You can help fight these bills. First, check out whether a bill like this has been introduced in your state. Professor Ed Felten maintains a list at freedom-to-tinker.com/tags/super-dmca. If your state isn't listed there, check the legislature's web site to make sure it hasn't been introduced since Felten's site has been updated. If there is a bill, go to any public hearings. Bring friends from your local digital freedom group, GNU/Linux users group, or university. Be prepared to answer questions about the details of the bill, but plan to speak for only a few minutes. Don't read from written text — you can usually simply submit a written statement, which the legislators can read at leisure.
Preemptive activism is useful too. Even if there's no bill in your state, you can set up an appointment with your state senator or representative. The MPAA has vowed to introduce the bill in all fifty states, so your legislators will see the bill eventually.
When we first started fighting the super-DMCA laws, they looked unstoppable. The MPAA and cable industry groups have more money than all of the digital freedom groups put together. They can fly in consultants to public hearings in every state. But legislators have shown that they can tell paid lobbyists from genuinely concerned citizens. Your views can be heard.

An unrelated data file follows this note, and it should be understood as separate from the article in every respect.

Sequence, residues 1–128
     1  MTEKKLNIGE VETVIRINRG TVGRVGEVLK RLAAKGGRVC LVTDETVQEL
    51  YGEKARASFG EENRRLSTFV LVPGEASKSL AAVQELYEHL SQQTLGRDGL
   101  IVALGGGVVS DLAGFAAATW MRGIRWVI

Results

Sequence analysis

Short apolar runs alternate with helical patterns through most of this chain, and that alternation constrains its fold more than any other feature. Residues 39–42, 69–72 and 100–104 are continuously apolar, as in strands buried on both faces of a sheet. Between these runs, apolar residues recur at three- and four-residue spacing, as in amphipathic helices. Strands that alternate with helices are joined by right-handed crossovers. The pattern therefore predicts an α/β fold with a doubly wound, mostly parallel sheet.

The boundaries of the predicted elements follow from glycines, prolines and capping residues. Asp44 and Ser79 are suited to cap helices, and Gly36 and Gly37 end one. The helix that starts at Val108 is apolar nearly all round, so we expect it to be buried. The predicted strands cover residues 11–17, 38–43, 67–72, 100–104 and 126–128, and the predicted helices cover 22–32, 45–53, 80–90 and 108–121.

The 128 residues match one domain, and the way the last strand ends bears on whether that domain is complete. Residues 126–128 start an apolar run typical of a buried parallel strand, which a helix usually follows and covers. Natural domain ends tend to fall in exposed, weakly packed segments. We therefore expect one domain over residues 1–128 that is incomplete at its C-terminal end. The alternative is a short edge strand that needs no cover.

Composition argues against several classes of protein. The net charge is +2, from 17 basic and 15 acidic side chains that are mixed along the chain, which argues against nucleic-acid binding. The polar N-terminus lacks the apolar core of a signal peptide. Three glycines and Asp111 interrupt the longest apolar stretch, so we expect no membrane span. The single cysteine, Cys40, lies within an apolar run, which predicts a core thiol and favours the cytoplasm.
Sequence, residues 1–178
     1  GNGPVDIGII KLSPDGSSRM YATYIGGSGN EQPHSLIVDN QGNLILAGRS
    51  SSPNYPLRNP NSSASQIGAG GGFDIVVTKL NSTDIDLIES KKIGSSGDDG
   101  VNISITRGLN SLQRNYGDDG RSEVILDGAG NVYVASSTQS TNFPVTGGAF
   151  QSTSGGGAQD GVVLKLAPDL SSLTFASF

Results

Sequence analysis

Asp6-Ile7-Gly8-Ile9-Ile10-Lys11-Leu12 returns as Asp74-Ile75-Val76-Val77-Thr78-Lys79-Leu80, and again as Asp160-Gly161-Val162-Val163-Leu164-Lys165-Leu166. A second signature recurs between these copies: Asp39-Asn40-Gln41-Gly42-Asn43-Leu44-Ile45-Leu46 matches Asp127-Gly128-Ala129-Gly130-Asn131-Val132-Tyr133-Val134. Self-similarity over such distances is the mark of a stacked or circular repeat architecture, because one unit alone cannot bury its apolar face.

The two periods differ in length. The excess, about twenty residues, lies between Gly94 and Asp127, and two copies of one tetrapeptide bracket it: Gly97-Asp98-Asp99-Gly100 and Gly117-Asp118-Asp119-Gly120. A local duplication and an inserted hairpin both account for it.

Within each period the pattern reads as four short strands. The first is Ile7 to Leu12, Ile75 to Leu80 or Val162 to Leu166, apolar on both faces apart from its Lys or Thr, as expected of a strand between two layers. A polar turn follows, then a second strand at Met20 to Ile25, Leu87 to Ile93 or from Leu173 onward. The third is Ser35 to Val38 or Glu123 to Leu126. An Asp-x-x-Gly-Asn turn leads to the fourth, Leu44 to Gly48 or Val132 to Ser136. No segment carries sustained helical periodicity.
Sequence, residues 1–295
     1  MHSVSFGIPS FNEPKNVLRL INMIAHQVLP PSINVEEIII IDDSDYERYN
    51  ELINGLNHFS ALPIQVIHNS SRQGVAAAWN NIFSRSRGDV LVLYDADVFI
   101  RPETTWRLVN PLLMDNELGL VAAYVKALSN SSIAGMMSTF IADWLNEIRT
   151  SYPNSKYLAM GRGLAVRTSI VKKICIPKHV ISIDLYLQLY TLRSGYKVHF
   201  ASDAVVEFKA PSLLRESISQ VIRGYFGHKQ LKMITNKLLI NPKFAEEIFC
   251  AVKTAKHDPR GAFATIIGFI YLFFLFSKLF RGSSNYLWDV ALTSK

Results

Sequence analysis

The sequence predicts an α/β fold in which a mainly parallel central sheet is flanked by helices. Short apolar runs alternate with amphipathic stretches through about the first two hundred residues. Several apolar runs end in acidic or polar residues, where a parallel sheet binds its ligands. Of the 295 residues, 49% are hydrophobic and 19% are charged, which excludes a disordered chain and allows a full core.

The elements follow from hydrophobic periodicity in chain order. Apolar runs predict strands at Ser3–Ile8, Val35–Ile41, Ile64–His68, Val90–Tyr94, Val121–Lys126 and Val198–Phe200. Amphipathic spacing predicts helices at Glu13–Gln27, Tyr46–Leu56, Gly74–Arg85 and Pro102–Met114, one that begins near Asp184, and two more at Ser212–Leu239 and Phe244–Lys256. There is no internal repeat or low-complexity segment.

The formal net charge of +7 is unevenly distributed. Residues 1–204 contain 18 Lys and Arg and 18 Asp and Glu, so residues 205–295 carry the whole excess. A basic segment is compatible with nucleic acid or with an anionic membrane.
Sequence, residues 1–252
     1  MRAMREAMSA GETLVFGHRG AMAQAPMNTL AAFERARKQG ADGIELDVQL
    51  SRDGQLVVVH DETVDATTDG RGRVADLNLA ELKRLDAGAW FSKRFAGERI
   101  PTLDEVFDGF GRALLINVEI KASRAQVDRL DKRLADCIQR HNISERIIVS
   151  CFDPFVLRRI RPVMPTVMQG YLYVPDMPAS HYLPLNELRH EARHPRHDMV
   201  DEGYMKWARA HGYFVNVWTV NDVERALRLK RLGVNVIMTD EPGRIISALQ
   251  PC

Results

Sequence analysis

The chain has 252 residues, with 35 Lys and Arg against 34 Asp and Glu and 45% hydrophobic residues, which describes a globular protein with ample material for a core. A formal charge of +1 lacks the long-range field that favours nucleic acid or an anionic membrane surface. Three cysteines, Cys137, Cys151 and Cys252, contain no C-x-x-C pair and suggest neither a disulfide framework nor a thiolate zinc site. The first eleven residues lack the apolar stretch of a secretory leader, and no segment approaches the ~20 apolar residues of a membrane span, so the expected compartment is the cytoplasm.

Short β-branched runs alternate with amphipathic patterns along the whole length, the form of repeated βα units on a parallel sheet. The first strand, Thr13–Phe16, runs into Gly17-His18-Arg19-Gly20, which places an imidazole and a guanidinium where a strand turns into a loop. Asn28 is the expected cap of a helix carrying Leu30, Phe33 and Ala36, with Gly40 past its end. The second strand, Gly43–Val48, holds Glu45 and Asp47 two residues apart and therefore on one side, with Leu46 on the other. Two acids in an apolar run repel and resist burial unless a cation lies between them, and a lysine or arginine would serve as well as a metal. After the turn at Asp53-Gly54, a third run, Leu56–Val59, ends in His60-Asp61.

Free Software Matters: Free Software and the Broadcast Media
by Eben Moglen
Just as free software has been a particularly scary subject for the music and film industries in the past several years, threatening their control over their content, it is about to become excessively frightening to their television and radio lordships as well.
Here in the United States we are awaiting rule-making by the Federal Communications Commission concerning the possibility of copy protection for digital television content. In 1996, Congress legislated a ten-year plan for the conversion of the US broadcasting system to a digital TV standard. Every owner of an existing analog television station was given, at no cost, an additional place on the spectrum for a second, digital broadcast operation. When, in 2006, every station in the US is supposed to be fully operational in digital broadcast, the operators are supposed to return to the public their original analog television spectrum locations.
But, although many broadcasters have made the expensive investments in the digital broadcast chain, from the cameras through the studio equipment to the transmitters, Americans have shown a predictable unwillingness to replace all their inexpensive TV sets with new digital sets that cost on the average ten times as much. Their reluctance has been understandable in part because Hollywood has not made available all the supposedly smashing dramatic and sexy content that was supposed to make watching digital television such a wonderful experience.